Australian beliefs and values
By David Dale.
What do Australians believe in? This question was tackled last month by the Prime Minister, who has shown in the past a spooky skill at picking our prejudices and playing upon them.
But his seven point summary of our values (below) was still only guesswork. The Centre for Social Research at the Australian National University has been more scientific. It asked 4, 270 adults to answer a mail questionnaire on what they believe, and released the results in a book called Australian Social Attitudes - The First Report, edited by Shaun Wilson (UNSW Press).
Always eager to seek simple solutions to complex arguments, The Tribal Mind has extracted the essence from the book's 281 pages and boiled it down to 14 statements. Apparently these are the things that more than two thirds of us believe:
1. "A father should be as heavily involved in the care of his children as the mother": 90 per cent agree
2. "The gap between those with high incomes and those with low incomes is too large": 84 per cent agree.
3. "A woman should have the right to choose whether or not she has an abortion": 83 per cent agree.
4. "Generally speaking, Australia is a better country than most other countries": 82 per cent.
5. "Media ownership is too concentrated among a few rich families": 81 per cent.
6. "When big businesses break the law, they often go unpunished": 81 per cent.
7. "Large international companies are doing more and more damage to local businesses in Australia": 75 per cent.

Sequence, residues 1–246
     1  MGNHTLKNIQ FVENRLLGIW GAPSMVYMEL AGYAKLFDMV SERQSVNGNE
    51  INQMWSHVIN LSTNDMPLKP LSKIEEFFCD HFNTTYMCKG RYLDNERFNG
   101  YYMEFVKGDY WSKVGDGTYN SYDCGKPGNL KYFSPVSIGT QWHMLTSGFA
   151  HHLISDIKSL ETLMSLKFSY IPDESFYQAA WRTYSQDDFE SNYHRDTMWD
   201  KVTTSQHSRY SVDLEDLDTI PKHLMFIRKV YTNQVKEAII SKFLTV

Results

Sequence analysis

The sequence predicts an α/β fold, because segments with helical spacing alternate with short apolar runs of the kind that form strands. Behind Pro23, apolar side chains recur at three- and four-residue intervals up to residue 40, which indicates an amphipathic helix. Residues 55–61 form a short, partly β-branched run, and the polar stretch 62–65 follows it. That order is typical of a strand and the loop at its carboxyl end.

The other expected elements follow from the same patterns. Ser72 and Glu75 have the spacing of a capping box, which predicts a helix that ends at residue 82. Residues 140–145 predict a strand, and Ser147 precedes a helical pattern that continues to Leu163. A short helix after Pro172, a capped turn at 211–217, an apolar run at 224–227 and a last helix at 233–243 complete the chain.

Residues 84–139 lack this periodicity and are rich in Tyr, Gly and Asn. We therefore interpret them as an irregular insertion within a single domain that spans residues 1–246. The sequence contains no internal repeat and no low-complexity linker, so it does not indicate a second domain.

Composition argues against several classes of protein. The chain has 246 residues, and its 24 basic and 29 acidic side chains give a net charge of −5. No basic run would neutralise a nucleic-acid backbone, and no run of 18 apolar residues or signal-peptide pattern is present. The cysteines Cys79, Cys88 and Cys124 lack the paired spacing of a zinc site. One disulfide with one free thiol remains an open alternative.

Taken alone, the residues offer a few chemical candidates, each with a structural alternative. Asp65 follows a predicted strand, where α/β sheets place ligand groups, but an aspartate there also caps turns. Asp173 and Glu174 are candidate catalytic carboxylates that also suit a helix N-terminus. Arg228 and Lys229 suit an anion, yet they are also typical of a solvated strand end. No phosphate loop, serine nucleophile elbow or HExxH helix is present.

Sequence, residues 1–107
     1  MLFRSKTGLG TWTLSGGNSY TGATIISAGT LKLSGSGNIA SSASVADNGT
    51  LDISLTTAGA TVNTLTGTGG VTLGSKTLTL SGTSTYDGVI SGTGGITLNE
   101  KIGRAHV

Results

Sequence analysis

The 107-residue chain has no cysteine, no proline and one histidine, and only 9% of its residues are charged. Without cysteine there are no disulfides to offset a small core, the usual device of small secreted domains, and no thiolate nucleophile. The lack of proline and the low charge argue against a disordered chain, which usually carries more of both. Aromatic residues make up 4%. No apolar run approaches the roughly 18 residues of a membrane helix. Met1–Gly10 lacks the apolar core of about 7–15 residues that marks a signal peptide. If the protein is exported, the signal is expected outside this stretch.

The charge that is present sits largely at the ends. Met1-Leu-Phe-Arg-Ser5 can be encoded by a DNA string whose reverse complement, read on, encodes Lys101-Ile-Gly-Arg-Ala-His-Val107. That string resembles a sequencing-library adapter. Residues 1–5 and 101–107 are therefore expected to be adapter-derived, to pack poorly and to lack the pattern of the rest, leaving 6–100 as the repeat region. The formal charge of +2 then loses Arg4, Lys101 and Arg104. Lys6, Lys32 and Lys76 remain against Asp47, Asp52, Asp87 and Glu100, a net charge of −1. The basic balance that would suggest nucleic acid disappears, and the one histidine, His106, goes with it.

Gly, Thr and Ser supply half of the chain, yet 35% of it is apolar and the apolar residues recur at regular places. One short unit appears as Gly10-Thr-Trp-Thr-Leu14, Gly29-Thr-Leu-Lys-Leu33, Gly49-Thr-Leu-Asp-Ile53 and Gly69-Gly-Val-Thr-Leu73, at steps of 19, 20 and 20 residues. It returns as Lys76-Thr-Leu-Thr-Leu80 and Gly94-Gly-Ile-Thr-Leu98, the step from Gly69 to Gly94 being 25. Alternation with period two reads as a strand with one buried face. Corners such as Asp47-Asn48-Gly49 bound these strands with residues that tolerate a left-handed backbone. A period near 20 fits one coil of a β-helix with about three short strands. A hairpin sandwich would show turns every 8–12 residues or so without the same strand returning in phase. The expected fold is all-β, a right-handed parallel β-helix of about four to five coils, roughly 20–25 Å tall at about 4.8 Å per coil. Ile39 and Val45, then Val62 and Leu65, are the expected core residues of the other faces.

8. "Immigrants make Australia open to new ideas and cultures": 74 per cent.
9. "People who receive welfare benefits should be under more obligation to find work": 73 per cent.
10. "Television violence is a cause of social violence": 71 per cent.
11. "The media should have less power": 70 per cent.
12. "Immigrants are generally good for Australia's economy: 69 per cent".
13. "Cutting welfare benefits would damage too many people's lives": 66 per cent.
14. "Australia should limit the import of foreign products to protect its national economy": 65 per cent.
Those propositions seem to place the majority of Australians to the left of the prime minister. The seven "core beliefs of average Australians" he outlined during the launch of a new magazine called The Conservative were:
1. We live in a very successful nation.
2. We do not have much to be ashamed of.
3. Australia is well regarded around the world.
4. Individuals should be given a fair go if down on their luck, but should not expect continued community support.
5. Institutions like the family are central but people with alternative views should not be persecuted.
6. People should be tolerant of diversity but also believe in unity when facing a common threat
7. Society should be classless, with worth determined by character and hard work, not religion, race or social background.
This column asked readers to see if they could do better than Mr Howard in summing up the core values of Australians in seven sentences. Some of the responses appear below
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